“But hat off to Tommy today. He got us in the lead the first few hours. The car wasn’t showing that much pace. But it’s wonderful to get two in a row.

“In 12 months, we’ve won 60 hours of racing. So we’re very pleased with all that.”

The win was a nice tonic after the No. 3 car got collected into Turn 1. Magnussen was on the outside and passing Lawson Aschenbach (incidentally, who drives a Chevrolet Camaro Z/28.R in the Pirelli World Challenge for Blackdog Speed Shop but was in his No. 9 Stevenson Motorsports Audi R8 LMS this race) before Kevin Estre made it three-wide and then proceeded to take out the No. 3 car.

The No. 3 car limped back to the pits and resumed, ending ninth. On the chance the No. 3 car wins this year’s GT Le Mans class title by a point, you could look back to this race and see that this is where there was an extra point gained.

March 29 in Motorsports History: Scott Dixon wins first race after reunification

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Reunited and it felt so good.

That’s what drivers likely thought before the 2008 IndyCar opener at Homestead-Miami Speedway.

For the first time since 1995, major-league open-wheel racing in the United States was under the banner of a sole sanctioning body as Champ Car and the Indy Racing Leauge had reunified just a month prior.

Scott Dixon celebrates after winning the 2008 IndyCar opener at Homestead. Photo: Jim Hines/IndyCar.

The first race after reunification also saw a reversal of fortunes for Scott Dixon, who won the race after losing the 2007 IRL championship in crushing fashion.

In the 2007 season finale at Chicagoland Speedway, Dixon ran out of fuel while leading on the final lap of the race. The race victory – and championship – went to Dixon’s future teammate, Dario Franchitti.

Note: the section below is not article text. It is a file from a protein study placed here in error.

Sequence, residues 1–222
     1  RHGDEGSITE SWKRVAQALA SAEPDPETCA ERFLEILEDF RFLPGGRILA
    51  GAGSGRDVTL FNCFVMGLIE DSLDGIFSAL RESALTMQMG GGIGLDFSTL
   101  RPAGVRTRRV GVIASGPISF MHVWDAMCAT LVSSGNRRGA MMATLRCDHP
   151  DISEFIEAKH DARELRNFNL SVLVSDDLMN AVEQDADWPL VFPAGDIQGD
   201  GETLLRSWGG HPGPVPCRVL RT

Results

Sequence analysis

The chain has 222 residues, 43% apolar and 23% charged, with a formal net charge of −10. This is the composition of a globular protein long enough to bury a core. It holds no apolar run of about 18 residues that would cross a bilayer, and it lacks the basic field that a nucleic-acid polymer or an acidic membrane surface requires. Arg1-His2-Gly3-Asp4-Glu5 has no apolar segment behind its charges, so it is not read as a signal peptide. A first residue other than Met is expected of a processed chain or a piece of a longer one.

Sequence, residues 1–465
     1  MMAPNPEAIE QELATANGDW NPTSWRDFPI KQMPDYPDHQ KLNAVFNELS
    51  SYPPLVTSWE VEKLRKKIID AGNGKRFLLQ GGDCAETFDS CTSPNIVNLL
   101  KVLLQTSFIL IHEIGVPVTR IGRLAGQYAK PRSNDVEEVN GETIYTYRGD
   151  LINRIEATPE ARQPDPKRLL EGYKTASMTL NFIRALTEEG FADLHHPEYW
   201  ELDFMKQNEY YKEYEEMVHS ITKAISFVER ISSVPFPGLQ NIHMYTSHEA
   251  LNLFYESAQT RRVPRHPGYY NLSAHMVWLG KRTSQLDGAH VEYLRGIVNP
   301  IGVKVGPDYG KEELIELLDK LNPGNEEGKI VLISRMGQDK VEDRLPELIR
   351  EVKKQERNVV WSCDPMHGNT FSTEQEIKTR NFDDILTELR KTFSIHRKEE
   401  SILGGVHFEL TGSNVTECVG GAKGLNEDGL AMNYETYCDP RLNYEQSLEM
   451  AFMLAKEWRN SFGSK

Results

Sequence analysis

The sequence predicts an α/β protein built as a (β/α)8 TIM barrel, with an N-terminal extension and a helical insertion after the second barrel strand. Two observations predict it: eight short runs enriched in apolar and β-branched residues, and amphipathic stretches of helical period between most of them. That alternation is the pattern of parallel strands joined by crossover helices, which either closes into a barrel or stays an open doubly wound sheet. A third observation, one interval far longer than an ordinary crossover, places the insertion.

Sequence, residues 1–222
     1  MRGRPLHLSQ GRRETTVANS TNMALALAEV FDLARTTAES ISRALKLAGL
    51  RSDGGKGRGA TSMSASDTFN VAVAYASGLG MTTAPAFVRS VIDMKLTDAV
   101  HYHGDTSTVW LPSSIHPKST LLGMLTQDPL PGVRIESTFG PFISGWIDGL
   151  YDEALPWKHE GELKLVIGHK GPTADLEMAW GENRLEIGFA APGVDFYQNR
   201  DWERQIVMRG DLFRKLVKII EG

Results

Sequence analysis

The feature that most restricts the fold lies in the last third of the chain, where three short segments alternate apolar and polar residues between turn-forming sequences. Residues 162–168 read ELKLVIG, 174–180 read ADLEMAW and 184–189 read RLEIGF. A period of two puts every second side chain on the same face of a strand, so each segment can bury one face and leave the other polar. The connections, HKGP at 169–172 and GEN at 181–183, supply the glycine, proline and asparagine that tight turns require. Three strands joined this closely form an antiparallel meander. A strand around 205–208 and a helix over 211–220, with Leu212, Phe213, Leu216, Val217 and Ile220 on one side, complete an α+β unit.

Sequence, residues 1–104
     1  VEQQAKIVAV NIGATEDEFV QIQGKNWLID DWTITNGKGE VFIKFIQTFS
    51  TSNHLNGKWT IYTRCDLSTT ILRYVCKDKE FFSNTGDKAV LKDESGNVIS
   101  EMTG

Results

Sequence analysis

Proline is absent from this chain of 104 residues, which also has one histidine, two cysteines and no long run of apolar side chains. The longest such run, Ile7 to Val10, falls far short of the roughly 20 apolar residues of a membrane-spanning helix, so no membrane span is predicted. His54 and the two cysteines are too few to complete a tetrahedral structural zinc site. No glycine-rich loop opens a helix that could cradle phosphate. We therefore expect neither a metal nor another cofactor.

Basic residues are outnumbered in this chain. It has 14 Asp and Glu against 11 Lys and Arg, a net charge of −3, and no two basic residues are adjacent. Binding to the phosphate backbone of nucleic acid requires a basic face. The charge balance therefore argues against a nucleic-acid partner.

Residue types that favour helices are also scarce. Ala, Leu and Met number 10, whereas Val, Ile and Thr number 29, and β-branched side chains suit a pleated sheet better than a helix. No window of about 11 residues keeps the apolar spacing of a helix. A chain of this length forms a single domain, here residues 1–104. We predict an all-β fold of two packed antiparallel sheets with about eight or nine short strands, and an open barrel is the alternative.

But the tides turned for Dixon nearly seven months later, and the Kiwi was able to win with the help of another driver’s misfortune.

Tony Kanaan was leading with seven laps remaining when E.J. Viso spun and made contact with Kanaan’s car. Kanaan remained on track through the caution period despite suffering obvious damage to his right front suspension.

On the final restart with three laps remaining, Dixon and others cars easily passed Kanaan’s wounded car on the outside. Dixon then maintained his lead through the checkered flag to win at Homestead for the second time in his career.

“I think Marco (Andretti) and T.K. probably had a little bit better cars today, but we came through with the win, and that’s what counts,” Dixon told ESPN after his 12th career victory.

Following his victory at Homestead, Dixon continued to redeem himself through the course of the 2008 season. In May, he won the Indianapolis 500 for the first (and so far only) time. Following Indy, he went on to win four more times in 2008 and won his second series championship.

Also on this date:

1998: Mika Hakkinen won the Grand Prix of Brazil, the first of eight victories in his first championship season.

2010: Will Power won the Honda Grand Prix of St. Petersburg, which was held on a Monday morning because of rain postponing the race on Sunday.